The U.S. Food and Drug Administration denied three pending petitions regarding biosimilar labeling without substantively addressing most of the issues raised in the petitions. FDA’s denial letter indicates that biosimilar labeling guidelines are still in flux while FDA works to finalize its March 2016 Draft Guidance for Industry: Labeling for Biosimilar Products. According to FDA,
“FDA has neither adopted nor abandoned a policy on biosimilar labeling.” Additionally, FDA notes that the labeling for the first biosimilar approvals, Zarxio (filgrastim-sndz) and Inflectra (infliximab-dyab), do not signal agency policy regarding biosimilar labeling. Rather, they reflect the agency’s actions on these specific products.
The petitions from AbbVie, Inc., the United Auto Workers (UAW) Retiree Medical Benefits and other investors, and the Pharmaceutical Research and Manufacturers of America (PhRMA) jointly with the Biotechnology Innovation Organization (BIO) were filed from June through December 2015. FDA notes the overlap between issues raised in the petitions and those addressed by its March 2016 Draft Guidance for Industry: Labeling for Biosimilar Products. The agency is developing a more broadly applicable policy toward biosimilar labeling through this guidance process.
Except for a few issues that were substantively addressed, FDA intends to review the issues raised in the petitions with the comments received in the docket for the Draft Guidance (FDA-2016-D-0643), which “will permit FDA to more efficiently finalize the biosimilar labeling guidance ….” The issues that were substantively denied include a request for a public hearing and an argument premised on the fact that FDA has unlawfully applied a “same labeling” approach. FDA denied that it has used a same labeling approach and reiterated that biosimilar labeling should include essential scientific information from the reference product labeling, with necessary product-specific modifications.
The formal comment period for the Labeling Guidance was extended to August 2, 2016.
The Dutch Minister of Health (MoH) announced the set-up of a national system to trace the safety of biological medicinal products. The MoH expects an increase in the number of biosimilar prescriptions. The national system should contribute to a responsible use of such cheaper alternatives and as such lead to a sustainable Dutch healthcare system. With that this initiative also fits in the vision of the MoH on medicinal products as published earlier this year.
The MoH asked the Netherlands Pharmacovigilance Centre Lareb to set-up the national system and made fundings available for this (EUR 300.000,-). Lareb will start this Fall with monitoring 5 hospitals and will monitor patients that are prescribed with a biological medicinal product (biosimilar and/or innovator biological). Based on these experiences, Lareb will work on a proposal for a national system that ensures safe switching between biological medicinal products. The system also aims to strengthen the faith in biological medicinal products, which essentially appears to aim at strengthening trust in biosimilars.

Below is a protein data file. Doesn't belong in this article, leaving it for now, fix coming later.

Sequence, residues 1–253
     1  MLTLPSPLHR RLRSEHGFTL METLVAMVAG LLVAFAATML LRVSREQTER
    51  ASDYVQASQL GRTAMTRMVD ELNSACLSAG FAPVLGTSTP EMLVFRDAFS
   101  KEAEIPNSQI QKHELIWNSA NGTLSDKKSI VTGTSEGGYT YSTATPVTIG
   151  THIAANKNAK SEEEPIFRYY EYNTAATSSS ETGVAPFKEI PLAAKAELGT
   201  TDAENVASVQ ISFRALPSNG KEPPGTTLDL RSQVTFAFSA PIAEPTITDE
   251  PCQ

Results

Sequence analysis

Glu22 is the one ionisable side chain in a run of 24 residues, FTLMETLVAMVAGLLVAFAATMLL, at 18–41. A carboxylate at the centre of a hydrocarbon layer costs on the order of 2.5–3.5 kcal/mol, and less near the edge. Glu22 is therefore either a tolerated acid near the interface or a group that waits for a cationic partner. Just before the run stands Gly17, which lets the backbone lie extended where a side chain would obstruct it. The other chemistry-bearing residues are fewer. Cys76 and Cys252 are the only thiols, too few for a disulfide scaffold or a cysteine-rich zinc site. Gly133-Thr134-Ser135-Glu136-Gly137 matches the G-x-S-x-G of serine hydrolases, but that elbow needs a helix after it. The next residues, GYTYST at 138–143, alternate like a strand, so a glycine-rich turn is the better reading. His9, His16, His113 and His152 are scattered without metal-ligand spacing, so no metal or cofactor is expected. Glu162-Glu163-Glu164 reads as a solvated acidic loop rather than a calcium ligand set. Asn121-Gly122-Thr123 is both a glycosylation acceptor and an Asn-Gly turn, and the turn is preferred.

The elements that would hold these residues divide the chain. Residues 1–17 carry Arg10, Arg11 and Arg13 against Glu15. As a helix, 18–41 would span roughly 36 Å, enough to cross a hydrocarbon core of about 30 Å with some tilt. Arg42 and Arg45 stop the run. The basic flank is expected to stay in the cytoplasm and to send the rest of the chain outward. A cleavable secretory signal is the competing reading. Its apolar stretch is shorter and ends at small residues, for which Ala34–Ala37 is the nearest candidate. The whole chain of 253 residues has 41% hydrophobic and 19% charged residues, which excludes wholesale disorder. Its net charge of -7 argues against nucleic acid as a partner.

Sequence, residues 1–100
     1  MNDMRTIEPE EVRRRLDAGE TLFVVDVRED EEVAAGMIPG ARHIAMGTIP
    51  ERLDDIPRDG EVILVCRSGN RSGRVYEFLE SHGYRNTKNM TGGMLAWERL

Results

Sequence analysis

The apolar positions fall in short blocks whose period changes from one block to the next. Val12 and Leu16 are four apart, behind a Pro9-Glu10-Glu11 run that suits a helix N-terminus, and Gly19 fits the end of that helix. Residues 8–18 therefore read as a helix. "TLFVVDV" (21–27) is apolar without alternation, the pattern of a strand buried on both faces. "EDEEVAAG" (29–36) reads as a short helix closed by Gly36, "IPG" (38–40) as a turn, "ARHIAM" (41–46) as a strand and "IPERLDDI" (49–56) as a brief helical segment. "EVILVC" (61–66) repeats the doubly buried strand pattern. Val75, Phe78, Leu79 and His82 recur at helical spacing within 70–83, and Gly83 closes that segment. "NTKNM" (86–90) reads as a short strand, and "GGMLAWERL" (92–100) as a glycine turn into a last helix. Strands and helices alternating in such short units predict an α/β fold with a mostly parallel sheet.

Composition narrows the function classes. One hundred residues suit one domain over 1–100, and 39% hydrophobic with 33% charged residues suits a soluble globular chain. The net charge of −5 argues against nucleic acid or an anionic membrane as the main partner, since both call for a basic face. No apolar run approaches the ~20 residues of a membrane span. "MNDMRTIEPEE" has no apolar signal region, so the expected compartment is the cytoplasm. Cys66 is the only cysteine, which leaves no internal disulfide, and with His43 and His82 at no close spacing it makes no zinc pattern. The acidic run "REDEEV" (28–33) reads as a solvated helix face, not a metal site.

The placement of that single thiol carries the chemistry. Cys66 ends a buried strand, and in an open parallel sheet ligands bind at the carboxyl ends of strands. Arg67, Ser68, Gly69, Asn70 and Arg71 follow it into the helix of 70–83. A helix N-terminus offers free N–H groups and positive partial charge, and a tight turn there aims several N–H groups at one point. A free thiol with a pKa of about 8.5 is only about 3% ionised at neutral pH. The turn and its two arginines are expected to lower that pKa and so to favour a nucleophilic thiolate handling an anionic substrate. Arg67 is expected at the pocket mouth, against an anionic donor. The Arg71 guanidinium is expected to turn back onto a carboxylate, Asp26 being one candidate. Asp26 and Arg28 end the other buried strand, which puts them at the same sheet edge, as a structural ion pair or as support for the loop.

FDA issued a draft guidance on March 14, 2016 explaining how the agency proposes to implement the provisions under the Biologics Price Competition and Innovation Act of 2009 (BPCIA) for moving protein products currently approved under the drug statute (section 505 of the Food, Drug and Cosmetic Act) to the biologics system (section 351 of the Public Health Service Act). Essentially, the BPCIA requires that as of March 23, 2020, all new drug applications (NDAs) and abbreviated new drug applications (ANDAs) for protein products will be “deemed to be a license” under section 351 of the Public Health Service Act (PHS Act). The draft guidance is the first time FDA has issued an interpretation of the “deemed to be a license” provision. Continue Reading
In a Federal Register notice, FDA announced its draft guidance, “Nonproprietary Naming of Biological Products,” in which the agency articulates the need “for biological products licensed under the Public Health Service Act (PHS Act) to bear a nonproprietary name that includes an FDA-designated suffix.” Described in an accompanying proposed rule, the Agency proposes that the proper name of all biologics includes a core name and a designated suffix. For originator products, the core name would be the name adopted by the United States Adopted Name (USAN) Council for the drug substance when available. Related, biosimilar or interchangeable products would include the core name of the relevant, previously licensed product and a designated, 4-letter suffix attached by a hyphen.
Essentially, FDA is proposing a unique nonproprietary naming policy for all biologics approved under PHSA 351(a) or 351(k). While ending some speculation on FDA’s policy toward naming of biosimilars, the guidance seeks extensive input from stakeholders regarding the application of a four-letter suffix to distinguish all biologics and biosimilars from one another and whether interchangeable biologics should similarly have unique suffixes or share the same four-letter suffix. FDA summarized its intention with this policy: